I graduated from college on May 8, 2016.
On May 10, 2016, I entered residential treatment for my eating disorder.
Not exactly your typical post-grad plan.
I resisted going to treatment because it wasn’t the “right time.” I was going to have to put off working. I was going to have to miss out on all of the celebrations. I wasn’t going to travel the world or move to a tiny apartment in a glamorous new city like my classmates. I was going to pack my two bags, filled with clothes that I prayed would continue to fit and enough yarn to make a blanket. I was moving into a house with 15 other girls to be monitored 24/7 by therapists, nurses and professionals. I had officially lost my course.
I was always a good student. I enjoyed school. I graduated in the top 100 of my high school class (which was a feat at my very academically rigorous public high school), I got accepted to 4/5 of the colleges I applied to, I attended one of the most prestigious public universities in the country where I was accepted into one of the top 5 journalism programs in the country. After four years, I graduated with distinction. I should (dangerous word there) have graduated, taken a few weeks off, maybe a month, to rest and travel and then started my perfect (another dangerous word) job in Nashville or New York. The rest would be history, happily ever after.
But it wasn’t.
On May 10 I entered treatment. I spent the next four months moving through the ladder of treatment options. I put my life on hold. I did nothing school or work related other than the work I was doing on me. [Side note: honestly, it was awesome. You had nothing to do other than focus on the task ahead of you, recovery. It wasn’t easy, but it was hugely helpful to have the world on pause at that point in time].
It was what I needed at the time.
Then came September.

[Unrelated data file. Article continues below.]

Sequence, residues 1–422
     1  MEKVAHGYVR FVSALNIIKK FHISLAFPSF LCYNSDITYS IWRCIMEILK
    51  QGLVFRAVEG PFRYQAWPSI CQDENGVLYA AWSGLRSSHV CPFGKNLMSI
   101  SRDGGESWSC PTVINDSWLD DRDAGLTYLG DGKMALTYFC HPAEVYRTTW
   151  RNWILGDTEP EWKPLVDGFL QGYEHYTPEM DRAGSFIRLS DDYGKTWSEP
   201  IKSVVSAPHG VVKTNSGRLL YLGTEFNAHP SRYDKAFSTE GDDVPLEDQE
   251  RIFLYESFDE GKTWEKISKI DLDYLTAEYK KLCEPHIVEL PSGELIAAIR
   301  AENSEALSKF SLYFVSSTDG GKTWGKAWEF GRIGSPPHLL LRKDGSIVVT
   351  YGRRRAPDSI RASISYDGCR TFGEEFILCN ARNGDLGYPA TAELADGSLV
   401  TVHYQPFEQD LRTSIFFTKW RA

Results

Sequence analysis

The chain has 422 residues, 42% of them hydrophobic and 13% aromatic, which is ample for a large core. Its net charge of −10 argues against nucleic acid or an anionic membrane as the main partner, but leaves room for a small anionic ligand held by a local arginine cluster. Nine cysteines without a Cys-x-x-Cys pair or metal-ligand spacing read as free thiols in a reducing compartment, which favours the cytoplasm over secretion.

I was newly out of treatment and suddenly looking for the plan to kick back in.
I’M DONE WITH TREATMENT NOW I’M STABLE GIVE ME A JOB WORLD….I AM READYYYYYYY.
Spoiler alert: the world does not work like that.
I spent hours each week unselectively applying to jobs that might hire me. I was miserable. I found a part-time job nannying for the cutest kids ever. I was slightly less miserable, but still, my life was not going how I had planned. I applied and interviewed for jobs, either not hearing back or being politely turned down. Try not taking that personally when you’re newly in recovery. My self-worth has taken quite the hit.
I told people that I would be happy if I had a job by January.
Well, now it’s January. Still no job. So I’ve officially hit a wall and thanks to my good friends eating disorder, anxiety and depression, I’ve come to the conclusion that I am defective, unworthy, unqualified and worthless.
THX GUYS YOU ARE ALWAYS THERE FOR ME WHEN I NEED A PICK ME UP <3.
I’ve all but given up. But every once in a while I get a glimpse of hope. The piece of the real me, deep down, that knows that I am worth it. I am DAMN good at what I do. I have more experience that most of the people I knew coming out of school. I actually KNOW what I want to do with my life. I have the skills and resources to set myself apart and I can’t let that extinguish because of doubts of the parts of me that I know I can’t trust.
It’s not easy. I had a plan. I had a life laid out in front of me, and it didn’t happen. It still hurts, the wound is very fresh. But the one thing I never forget is that without treatment, without recovery, without therapy and meds and appointments and all of that jazz, I wouldn’t be in the position to even be looking for a full-time job. I would be slowly dying.
So today I applied for two jobs I’m actually really interested in and on Thursday I’m going to go babysit my little friends and the world will keep turning and I will be okay.
Everything doesn’t have to go according to plan.